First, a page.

It seemed as if time itself had torn open, as we walked into the Victorian Tea Rooms on the slightly desuetudinous pier at Eastbourne; tea rooms which looked as they HAD been,not as they were, seeming encased in a carapace of artificial(plastic) flowers and of people, barely denizens of this earth, whose average age seemed seventy or eighty.
Closed cafes, a “chippy”, reeking of chip fat;rock, candy floss.Mostly closed up; it WAS mid October but, it seemed to me, it was hard to imagine it being that different mid summer.
This must have been how Brighton’s once glorious West Pier looked in its last years, becoming unsafe by the time it was closed to the public in 1975(a section having been previously already closed off). In earlier, prosperous days, there had been a grand ballroom, which, latterly had become a seedy amusement arcade, then closed entirely. Years after total closure, there followed a series of partial collapses of the buildings and structures, as parts of the pier slumped, like a palsied old man,half into the sea, as storms wracked the embattled, fragile building, and a restoration society repeatedly failed to renovate the building. After two arson attacks in 2003, all that remained was an iron, skeleton structure, part of which was recently removed, leaving a stranded island of bare iron girders, the poignant, original sweet and rock shop, Leverson’s, also having been demolished, the last surviving LIVING remnant of the pier.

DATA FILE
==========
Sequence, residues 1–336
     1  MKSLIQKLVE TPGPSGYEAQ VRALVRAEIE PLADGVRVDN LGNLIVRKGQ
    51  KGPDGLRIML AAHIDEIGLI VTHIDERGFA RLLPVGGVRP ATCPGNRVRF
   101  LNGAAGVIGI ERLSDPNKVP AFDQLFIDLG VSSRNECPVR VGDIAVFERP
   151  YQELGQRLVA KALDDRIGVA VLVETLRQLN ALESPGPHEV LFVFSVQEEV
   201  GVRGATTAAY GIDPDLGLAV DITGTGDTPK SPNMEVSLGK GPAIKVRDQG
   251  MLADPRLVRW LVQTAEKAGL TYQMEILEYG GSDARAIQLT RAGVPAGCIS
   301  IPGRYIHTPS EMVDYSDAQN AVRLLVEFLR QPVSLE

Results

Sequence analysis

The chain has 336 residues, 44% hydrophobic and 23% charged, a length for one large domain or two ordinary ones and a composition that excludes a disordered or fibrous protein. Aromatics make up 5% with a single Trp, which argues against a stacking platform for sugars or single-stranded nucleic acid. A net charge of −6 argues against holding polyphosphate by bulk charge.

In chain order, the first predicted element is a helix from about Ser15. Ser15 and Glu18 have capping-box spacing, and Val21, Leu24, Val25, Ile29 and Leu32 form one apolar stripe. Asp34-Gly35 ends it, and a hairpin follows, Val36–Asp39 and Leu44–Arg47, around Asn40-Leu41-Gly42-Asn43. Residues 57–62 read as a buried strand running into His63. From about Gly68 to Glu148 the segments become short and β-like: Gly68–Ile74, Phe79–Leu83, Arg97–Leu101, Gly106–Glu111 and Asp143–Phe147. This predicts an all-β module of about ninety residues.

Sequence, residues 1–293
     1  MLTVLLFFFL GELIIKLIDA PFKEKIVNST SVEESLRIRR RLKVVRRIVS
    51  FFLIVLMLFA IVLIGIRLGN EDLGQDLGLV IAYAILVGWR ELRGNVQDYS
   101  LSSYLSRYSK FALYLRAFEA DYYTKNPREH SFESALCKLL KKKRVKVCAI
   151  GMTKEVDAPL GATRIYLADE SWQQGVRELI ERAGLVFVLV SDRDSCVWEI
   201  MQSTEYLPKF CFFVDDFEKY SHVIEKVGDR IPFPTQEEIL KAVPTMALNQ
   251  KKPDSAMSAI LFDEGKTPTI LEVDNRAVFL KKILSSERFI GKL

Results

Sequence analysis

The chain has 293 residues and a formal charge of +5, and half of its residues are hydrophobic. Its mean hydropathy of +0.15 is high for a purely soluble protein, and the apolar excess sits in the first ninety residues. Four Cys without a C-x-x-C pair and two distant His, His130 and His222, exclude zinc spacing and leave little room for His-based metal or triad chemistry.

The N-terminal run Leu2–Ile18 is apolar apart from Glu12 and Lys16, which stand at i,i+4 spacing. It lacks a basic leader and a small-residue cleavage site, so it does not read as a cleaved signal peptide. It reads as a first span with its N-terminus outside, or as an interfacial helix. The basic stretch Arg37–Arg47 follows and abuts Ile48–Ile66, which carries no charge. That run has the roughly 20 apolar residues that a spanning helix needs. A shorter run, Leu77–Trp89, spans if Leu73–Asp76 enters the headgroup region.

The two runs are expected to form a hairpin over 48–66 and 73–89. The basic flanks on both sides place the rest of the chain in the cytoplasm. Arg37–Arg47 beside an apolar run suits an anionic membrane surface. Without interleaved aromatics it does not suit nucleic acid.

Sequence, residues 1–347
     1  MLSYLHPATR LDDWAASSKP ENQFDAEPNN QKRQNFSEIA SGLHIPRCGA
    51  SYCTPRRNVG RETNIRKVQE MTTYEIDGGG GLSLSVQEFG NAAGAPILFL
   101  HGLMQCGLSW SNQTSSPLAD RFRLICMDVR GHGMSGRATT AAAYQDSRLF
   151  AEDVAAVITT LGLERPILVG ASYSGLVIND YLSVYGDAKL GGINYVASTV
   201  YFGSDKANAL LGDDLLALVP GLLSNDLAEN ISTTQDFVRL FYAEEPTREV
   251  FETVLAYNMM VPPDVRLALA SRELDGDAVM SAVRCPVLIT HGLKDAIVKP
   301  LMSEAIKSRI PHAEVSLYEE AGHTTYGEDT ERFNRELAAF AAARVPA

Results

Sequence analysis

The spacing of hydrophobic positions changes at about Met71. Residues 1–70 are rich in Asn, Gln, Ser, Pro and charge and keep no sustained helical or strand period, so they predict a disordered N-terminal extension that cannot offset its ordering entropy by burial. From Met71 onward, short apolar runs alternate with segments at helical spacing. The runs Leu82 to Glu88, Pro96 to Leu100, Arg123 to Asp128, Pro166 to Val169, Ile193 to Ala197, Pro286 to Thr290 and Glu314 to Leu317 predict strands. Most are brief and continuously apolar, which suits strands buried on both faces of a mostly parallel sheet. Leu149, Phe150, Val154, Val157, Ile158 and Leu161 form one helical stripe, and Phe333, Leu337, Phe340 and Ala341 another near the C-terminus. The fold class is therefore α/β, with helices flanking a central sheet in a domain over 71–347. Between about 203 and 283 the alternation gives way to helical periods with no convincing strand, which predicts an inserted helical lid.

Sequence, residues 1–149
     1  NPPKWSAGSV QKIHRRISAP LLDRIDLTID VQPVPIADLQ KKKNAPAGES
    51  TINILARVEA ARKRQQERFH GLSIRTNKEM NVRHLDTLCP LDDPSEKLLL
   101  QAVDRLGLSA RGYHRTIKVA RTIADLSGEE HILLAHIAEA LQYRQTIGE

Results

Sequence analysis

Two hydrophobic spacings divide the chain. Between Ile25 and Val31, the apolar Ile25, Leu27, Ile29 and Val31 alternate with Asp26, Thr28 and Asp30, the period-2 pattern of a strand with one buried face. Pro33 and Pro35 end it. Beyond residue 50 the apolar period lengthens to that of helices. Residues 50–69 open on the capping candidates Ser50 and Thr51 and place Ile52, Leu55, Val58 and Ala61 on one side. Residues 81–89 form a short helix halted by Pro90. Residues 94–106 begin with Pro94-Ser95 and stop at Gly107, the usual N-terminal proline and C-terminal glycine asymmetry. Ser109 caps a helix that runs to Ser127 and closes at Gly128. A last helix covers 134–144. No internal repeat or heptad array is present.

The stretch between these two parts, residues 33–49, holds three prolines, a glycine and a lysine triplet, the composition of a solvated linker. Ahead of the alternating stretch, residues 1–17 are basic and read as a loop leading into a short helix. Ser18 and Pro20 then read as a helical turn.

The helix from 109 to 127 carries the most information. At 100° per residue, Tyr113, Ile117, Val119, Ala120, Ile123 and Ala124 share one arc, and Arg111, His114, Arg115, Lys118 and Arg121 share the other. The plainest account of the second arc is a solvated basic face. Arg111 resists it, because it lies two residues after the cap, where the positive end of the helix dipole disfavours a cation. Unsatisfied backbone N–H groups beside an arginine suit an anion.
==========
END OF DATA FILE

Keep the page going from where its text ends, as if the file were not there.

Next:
As Sebald said, “And so they are ever returning to us, the dead”